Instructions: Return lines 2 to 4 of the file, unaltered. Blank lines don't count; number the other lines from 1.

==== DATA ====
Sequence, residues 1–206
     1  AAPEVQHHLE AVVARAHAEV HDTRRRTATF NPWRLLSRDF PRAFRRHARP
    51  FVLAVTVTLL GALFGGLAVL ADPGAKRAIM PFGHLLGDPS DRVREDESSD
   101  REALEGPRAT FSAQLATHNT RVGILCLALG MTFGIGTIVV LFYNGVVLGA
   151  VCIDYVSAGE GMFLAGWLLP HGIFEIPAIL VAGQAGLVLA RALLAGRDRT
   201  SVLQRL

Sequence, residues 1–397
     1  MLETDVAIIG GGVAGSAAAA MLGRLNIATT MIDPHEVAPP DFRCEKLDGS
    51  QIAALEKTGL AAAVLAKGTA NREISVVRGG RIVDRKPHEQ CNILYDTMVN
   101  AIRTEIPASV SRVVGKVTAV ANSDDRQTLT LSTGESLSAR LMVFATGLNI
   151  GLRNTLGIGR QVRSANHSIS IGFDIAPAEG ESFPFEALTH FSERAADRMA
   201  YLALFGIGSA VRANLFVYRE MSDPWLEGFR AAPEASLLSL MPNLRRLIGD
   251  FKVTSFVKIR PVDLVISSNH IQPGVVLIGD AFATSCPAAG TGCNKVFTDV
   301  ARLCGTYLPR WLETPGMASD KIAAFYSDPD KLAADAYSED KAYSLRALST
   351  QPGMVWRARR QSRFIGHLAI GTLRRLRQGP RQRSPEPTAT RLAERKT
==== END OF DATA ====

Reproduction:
     1  AAPEVQHHLE AVVARAHAEV HDTRRRTATF NPWRLLSRDF PRAFRRHARP
    51  FVLAVTVTLL GALFGGLAVL ADPGAKRAIM PFGHLLGDPS DRVREDESSD
   101  REALEGPRAT FSAQLATHNT RVGILCLALG MTFGIGTIVV LFYNGVVLGA